JPM led by Jamie Dimon (pictured) will have to pay $300m back to customers over debt collection procedures, which comes at the same time of the London
Whale scandal $920m fine (Photo: Reuters)
JPMorgan will have refund $300m to customers after US regulators ruled that two million clients were harmed by the banks debt collection and other credit card procedure practices.
The Consumer Financial Protection Bureau and the Office of the Comptroller of the Currency (OCC) ordered the bank to return $309m to customers that were charged for the credit-monitoring services they never received.
The regulators also said that there were errors in the way the investment bank pursued customers through the court.
However, the refund order is not a fine so therefore does regulators and prosecutors can still slap JPM with financial penalties in the future.
JPM said in a statement that debt collection errors only affected less than 1% of customers and had stopped pursuing clients through the courts two years ago.
It added that it will not reopen the lawsuits.
Meanwhile, JPM issued another statement to say it has stopped enrolling customers in credit-monitoring products in mid-2012 and will stop the product by the end of this year.
It added that it has already refunded affected customers.
London Whale Fine
The $300m refund to customers order was issued at the same time as a near $1bn fine related to the London Whale trading scandal that has cost the bank billions of dollars in losses.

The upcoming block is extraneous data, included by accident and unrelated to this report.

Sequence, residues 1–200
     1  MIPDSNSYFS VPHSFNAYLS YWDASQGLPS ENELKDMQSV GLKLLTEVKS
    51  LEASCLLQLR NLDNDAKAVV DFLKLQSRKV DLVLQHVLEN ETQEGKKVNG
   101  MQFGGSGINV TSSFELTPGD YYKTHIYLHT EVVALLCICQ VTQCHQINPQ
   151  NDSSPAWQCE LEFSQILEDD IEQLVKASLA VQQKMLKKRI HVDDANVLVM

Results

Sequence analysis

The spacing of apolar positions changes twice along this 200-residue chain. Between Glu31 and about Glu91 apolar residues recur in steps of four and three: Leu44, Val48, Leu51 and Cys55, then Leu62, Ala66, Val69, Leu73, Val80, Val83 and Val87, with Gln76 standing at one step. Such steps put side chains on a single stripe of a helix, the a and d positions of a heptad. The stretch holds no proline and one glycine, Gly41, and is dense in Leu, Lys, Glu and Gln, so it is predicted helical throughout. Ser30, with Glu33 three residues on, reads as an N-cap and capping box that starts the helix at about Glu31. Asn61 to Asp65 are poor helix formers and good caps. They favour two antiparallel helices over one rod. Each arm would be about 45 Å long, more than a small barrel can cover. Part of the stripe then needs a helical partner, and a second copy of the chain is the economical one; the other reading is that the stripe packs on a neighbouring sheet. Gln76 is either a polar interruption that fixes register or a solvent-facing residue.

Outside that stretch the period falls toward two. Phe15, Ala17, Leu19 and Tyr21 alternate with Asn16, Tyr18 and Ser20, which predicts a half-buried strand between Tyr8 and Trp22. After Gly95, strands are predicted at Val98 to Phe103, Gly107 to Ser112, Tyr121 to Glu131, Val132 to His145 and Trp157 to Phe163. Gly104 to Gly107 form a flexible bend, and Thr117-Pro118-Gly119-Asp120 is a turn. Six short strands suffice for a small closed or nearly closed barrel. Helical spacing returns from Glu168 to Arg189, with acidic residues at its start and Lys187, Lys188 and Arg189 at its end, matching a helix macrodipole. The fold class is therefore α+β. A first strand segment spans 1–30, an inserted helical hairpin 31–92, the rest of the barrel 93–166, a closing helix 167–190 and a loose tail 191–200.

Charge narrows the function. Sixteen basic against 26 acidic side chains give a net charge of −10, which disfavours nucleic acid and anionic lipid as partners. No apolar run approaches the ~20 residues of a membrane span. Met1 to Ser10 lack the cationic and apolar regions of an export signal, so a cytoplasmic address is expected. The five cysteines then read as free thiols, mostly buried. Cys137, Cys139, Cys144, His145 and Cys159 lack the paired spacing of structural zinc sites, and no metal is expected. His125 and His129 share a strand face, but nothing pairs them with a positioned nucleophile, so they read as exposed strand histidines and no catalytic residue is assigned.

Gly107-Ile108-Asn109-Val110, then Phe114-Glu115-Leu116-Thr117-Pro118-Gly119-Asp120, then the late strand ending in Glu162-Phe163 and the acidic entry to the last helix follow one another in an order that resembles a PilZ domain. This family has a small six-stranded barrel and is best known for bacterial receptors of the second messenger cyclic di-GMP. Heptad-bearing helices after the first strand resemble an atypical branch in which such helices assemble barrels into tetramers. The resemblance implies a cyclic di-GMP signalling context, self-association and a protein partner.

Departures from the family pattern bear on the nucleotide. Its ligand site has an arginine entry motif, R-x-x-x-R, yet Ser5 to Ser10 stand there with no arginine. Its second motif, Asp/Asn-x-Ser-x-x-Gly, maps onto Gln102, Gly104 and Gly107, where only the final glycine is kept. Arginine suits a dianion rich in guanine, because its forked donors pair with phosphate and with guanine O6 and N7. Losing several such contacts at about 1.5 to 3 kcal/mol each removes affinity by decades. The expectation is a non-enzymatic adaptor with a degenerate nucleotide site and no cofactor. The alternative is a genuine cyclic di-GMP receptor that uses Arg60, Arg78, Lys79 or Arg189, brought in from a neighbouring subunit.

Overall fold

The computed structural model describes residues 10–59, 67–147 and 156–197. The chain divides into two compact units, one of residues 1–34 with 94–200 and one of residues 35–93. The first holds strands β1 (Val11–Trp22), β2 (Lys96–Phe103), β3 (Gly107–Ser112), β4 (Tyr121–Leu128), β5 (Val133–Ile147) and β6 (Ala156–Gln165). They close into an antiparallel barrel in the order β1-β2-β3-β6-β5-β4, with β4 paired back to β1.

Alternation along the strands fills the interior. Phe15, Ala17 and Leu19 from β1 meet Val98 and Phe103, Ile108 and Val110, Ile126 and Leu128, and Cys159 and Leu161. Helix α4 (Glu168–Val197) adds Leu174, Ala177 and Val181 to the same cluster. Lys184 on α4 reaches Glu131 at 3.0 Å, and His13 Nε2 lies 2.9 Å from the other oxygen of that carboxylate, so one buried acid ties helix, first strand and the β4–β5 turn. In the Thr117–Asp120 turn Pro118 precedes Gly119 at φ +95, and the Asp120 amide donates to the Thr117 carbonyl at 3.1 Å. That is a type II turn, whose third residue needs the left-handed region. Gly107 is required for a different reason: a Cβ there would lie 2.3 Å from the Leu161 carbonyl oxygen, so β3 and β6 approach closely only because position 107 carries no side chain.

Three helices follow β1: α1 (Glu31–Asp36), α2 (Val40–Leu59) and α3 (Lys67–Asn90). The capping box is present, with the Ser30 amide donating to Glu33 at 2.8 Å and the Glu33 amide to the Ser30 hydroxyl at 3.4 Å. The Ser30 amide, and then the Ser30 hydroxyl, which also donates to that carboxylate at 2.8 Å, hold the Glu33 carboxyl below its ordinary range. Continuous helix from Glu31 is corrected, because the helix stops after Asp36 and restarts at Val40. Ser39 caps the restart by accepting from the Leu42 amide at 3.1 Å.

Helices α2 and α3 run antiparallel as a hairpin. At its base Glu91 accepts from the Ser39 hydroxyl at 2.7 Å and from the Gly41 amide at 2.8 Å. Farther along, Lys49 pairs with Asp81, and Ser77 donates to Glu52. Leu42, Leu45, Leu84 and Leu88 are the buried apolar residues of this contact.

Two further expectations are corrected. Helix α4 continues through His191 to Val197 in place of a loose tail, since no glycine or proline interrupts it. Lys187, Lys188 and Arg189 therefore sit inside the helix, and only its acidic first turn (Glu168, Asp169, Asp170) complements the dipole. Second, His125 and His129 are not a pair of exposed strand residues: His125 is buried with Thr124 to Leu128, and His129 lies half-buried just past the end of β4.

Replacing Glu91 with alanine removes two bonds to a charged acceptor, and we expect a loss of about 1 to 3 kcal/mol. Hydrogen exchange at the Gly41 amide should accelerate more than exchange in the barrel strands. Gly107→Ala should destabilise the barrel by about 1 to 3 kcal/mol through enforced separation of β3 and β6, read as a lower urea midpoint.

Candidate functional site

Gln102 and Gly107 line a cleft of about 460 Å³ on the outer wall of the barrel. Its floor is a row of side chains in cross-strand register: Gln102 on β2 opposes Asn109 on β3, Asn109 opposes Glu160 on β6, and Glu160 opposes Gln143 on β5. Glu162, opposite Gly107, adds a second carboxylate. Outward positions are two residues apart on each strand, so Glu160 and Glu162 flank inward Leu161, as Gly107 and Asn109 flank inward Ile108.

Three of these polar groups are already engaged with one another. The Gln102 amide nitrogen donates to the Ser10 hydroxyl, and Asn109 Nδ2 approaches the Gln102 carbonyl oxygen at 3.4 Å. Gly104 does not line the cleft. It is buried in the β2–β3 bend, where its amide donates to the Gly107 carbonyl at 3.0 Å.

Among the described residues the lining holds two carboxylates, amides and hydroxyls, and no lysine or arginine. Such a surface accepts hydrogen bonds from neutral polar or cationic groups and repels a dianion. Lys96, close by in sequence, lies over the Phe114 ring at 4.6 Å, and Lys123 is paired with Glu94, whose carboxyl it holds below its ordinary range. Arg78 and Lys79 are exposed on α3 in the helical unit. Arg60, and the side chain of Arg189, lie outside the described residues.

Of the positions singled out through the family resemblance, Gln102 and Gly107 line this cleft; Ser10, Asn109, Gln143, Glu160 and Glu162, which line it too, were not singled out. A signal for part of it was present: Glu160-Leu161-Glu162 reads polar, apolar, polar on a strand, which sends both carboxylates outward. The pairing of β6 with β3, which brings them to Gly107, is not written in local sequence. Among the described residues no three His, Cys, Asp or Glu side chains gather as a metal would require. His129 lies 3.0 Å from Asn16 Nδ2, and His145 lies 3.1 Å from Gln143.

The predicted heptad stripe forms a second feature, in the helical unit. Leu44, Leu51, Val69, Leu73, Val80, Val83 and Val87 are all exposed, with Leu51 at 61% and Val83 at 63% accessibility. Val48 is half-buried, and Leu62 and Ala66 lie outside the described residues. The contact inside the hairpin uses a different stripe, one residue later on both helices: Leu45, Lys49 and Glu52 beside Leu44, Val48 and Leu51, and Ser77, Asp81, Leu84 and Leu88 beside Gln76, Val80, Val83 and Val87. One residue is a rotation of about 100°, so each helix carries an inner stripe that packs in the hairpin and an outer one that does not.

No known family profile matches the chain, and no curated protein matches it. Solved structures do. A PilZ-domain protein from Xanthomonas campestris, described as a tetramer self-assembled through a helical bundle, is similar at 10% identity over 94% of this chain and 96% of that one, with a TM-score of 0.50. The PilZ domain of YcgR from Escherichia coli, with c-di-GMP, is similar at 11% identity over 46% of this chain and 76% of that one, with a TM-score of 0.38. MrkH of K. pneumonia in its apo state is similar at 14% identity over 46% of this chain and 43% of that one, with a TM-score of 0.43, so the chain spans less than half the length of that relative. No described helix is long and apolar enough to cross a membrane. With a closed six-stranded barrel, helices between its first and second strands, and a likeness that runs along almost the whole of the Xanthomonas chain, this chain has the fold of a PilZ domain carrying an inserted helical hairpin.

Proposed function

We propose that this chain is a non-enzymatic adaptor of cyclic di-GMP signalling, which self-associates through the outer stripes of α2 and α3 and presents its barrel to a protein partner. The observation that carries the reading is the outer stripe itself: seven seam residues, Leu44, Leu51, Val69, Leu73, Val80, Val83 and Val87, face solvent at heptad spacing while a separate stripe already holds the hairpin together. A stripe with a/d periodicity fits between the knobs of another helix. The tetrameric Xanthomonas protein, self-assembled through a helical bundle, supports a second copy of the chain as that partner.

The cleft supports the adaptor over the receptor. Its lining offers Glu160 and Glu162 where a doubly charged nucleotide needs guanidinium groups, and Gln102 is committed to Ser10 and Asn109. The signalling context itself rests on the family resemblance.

The UK's Financial Conduct Authority (FCA) said JPMorgan's bad conduct over the London Whale scandal, in which the bank's trader Bruno Iksil lost $6.2bn in a serious of enormous bets, went from portfolio level up to senior management. It fined JPMorgan £137.6m.
US regulators also fined JPMorgan $700m over the same scandal, which has seen two of its former staff members indicted on fraud charges amid allegations they attempted to mask part of the huge loss. Iksil has not been arrested over the trades, which were legal.
The bank was fined $200m by the US Securities and Exchange Commission, $300m by the Office of the Comptroller of the Currency, and another $200m by the Federal Reserve. It takes JPMorgan's total fine to $920m.
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